Living abroad is a dream for many Americans, particularly retirees. Overseas locales draw expats for a number of reasons, from culture and lifestyle to cuisine and climate. In many cases, residing overseas is also less expensive than living in the U.S., particularly in destinations in Southeast Asia.
There’s one thing you still can’t avoid if you live abroad though, particularly if you are still working, and that is U.S. taxation. Read on to learn some of the top things you should know about taxes if you live abroad.
The US Taxes Worldwide Income
The United States is unique in that it taxes its citizens worldwide, even if they don’t earn income in the country. This means that if you plan to reside overseas and start a business, or even if you just want to retire and live off interest, you can’t escape the grasp of the U.S. Treasury.
In the words of the IRS, “…if you are a U.S. citizen or a resident alien living outside the United States, your worldwide income is subject to U.S. income tax, regardless of where you live.”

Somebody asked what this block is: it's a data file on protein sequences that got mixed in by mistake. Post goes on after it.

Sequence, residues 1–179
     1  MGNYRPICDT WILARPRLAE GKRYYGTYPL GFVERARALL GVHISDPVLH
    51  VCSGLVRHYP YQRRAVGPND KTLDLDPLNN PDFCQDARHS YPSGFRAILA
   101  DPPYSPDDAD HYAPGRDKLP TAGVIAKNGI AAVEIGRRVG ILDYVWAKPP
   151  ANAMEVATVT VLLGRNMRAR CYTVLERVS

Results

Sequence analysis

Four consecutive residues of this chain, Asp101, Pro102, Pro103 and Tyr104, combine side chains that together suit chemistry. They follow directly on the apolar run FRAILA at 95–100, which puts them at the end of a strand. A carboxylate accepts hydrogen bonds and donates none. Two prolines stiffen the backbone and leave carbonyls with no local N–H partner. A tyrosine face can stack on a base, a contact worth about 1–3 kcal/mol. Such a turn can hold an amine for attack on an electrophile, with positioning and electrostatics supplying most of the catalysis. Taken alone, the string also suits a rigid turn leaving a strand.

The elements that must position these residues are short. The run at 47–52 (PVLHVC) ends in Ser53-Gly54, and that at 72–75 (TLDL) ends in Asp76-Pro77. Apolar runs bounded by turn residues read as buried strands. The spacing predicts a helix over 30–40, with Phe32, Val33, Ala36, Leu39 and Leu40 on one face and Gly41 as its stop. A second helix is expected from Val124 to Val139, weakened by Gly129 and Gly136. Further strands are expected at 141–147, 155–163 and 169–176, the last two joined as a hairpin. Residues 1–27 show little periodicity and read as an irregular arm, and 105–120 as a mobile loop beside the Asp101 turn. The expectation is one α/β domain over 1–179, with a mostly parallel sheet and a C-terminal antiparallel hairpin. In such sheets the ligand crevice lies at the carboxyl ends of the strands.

You Have an Automatic Extension
If you file your taxes while living abroad, you’ll have the same due date as stateside Americans, which is typically April 15 (April 18 for 2022). However, by virtue of being an expat, you’re granted an automatic two-month extension, and you don’t even have to request it, according to the IRS. In most cases, this means you have until June 15 to get in your return.
You Might Still Have To File State Taxes
In some cases, you might still have to file state taxes, even if you spend most or all of your time living overseas. Some states have a very broad definition of what the term “resident” means, even if you don’t physically set foot in the state all year.
If you have a car registered in a state, a state driver’s license, are registered to vote in a state or if you own any property there, you may still be subject to state taxes. Contact your state taxing authority to verify their requirements before you assume you are no longer liable.
You Won’t Face Double Taxation
The good news is that if you do owe taxes to the U.S., you won’t face the prospect of double taxation. In other words, if you already pay taxes to a foreign taxing authority, you can likely get a credit for those foreign taxes paid on your U.S. return.